Richard Ritenbaugh acknowledges that, because of our unique perceptions, praying according to God's will is not always clear and self-evident. Certain things are beyond our current understanding or need-to-know. Hence, though God had personally revealed to. . .
God's sovereignty seems to imply that prayer is a fruitless exercise—that God has everything already planned. John Ritenbaugh explains, however, that we must change our ideas about the function of prayer: It is not to change God's mind but ours!
John Ritenbaugh again stresses that prayer is not a dictating to a reluctant God, but instead a manifestation of our attitude of dependence and need. Prayer is a tool or means we use to get into harmony with God's will, surrendering to His purpose for us i. . .
Richard Ritenbaugh, reflecting on the popular song, "My Way," (popularized by Frank Sinatra) warns that God's Called-out ones should never emulate the haughty and self-willed attitude this song glorifies. God created us in His image, giving us th. . .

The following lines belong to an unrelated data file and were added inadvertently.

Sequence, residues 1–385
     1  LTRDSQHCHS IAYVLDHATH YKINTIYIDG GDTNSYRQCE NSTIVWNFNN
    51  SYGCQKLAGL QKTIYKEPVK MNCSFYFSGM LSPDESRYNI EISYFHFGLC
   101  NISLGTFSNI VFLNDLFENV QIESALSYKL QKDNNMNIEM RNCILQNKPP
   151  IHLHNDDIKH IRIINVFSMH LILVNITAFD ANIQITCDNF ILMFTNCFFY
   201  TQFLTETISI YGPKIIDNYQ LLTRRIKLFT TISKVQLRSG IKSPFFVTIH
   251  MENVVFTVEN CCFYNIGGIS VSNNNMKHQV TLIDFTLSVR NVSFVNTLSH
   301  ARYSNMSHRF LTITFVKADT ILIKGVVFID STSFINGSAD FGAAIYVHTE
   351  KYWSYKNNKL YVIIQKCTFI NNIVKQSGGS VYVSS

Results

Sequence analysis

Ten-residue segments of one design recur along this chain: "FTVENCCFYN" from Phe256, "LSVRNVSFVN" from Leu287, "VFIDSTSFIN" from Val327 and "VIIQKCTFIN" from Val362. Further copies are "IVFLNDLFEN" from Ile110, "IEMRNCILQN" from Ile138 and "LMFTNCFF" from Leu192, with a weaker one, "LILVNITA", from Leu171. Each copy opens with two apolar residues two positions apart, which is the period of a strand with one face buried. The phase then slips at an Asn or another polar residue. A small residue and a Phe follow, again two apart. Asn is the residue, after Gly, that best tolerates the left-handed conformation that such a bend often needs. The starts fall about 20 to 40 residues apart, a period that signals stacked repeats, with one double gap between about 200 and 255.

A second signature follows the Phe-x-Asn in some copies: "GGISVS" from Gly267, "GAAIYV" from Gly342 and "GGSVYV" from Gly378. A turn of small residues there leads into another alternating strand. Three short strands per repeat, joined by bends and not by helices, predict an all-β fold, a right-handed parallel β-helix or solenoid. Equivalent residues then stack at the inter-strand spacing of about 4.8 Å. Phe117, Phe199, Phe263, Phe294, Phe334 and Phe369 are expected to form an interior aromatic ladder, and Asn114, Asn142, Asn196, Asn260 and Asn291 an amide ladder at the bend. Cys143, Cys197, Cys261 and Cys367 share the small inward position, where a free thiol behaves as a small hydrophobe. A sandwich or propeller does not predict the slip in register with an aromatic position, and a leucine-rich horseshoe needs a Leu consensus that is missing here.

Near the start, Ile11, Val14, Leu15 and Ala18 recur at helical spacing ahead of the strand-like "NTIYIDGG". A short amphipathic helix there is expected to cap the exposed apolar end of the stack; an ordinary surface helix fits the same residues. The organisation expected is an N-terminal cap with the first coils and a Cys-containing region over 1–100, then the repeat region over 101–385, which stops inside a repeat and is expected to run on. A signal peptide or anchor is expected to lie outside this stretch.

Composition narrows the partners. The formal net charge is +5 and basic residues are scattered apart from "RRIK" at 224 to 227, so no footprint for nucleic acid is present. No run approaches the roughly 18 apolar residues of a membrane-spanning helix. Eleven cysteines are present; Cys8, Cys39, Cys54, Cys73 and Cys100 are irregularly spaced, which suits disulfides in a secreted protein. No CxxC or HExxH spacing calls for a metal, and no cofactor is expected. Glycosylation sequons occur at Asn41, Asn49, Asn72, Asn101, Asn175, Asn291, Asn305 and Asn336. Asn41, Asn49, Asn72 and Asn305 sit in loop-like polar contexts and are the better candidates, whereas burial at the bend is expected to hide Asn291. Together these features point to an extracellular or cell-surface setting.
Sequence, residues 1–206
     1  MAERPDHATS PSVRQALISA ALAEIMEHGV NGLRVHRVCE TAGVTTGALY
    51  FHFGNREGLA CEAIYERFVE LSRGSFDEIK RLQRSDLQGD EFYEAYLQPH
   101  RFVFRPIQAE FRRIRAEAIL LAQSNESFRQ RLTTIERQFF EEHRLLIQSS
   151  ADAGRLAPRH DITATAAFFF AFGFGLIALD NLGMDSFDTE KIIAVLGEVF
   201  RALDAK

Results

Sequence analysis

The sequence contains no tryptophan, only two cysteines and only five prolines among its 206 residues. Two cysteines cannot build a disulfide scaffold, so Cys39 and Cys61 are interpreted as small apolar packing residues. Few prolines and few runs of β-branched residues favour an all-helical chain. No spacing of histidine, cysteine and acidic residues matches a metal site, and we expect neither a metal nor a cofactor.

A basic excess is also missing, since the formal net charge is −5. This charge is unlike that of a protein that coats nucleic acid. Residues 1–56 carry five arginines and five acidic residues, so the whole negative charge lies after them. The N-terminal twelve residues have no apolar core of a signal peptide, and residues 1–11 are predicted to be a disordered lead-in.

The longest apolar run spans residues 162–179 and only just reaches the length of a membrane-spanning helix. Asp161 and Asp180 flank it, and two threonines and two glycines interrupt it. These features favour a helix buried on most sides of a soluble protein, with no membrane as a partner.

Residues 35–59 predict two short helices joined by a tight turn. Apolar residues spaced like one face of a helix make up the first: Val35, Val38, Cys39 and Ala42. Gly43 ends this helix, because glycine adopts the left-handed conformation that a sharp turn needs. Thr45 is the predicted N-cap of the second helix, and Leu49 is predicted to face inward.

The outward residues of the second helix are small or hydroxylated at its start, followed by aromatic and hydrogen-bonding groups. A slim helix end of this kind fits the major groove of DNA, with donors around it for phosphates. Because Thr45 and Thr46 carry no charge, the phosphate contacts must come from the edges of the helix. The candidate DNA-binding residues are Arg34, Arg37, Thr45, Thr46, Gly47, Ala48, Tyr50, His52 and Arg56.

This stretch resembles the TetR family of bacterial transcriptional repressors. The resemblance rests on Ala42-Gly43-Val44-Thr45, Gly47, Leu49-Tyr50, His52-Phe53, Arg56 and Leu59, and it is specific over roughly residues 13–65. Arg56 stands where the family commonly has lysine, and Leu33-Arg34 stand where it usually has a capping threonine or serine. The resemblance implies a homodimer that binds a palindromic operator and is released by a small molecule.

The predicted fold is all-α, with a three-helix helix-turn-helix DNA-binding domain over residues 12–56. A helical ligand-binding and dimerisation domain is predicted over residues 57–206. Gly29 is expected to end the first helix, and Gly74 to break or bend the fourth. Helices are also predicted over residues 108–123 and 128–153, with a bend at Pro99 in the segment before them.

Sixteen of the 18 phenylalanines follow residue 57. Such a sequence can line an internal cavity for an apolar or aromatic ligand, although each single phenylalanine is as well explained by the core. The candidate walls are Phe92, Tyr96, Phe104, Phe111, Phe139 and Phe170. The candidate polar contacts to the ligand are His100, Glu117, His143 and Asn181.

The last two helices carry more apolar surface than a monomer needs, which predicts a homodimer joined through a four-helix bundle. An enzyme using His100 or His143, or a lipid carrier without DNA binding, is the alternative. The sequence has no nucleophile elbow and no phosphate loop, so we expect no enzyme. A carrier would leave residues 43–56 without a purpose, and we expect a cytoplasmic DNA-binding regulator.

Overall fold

Using II Corinthians 5:14-17 as a foundation, John Ritenbaugh affirms that after the initiation of the conversion process, the hostility that formerly existed between God and us has been removed, leading to a state of peace and rest. Although we often spea. . .
What is God's nature? Is God one Being? Two? Three? Bible students have long searched for the answers to these questions. The truth is both simple and profound.
Does it seem like your prayers never reach God's throne—that at best they are only recorded on God's answering machine? This article gives a new perspective on prayer that just may add new impetus to your prayer life!
If you knew you would live forever, how would you live? Biblically, eternal life is much more than living forever: It is living as God lives!
Eternal life, emphasizing a special intimate relationship with God the Father and Christ, is vastly different from immortality, connoting only endless existence.
Persistence in prayer does not mean an incessant pestering God into action. God always looks at our petitions from the vantage-point of His purpose.
John Ritenbaugh emphasizes, that like Moses, Paul, James, and Joshua, all of us have been called to be faithful stewards of God, endowed with gifts to serve the congregation. Like Moses, we have to develop conviction, a product of a relationship of God, es. . .
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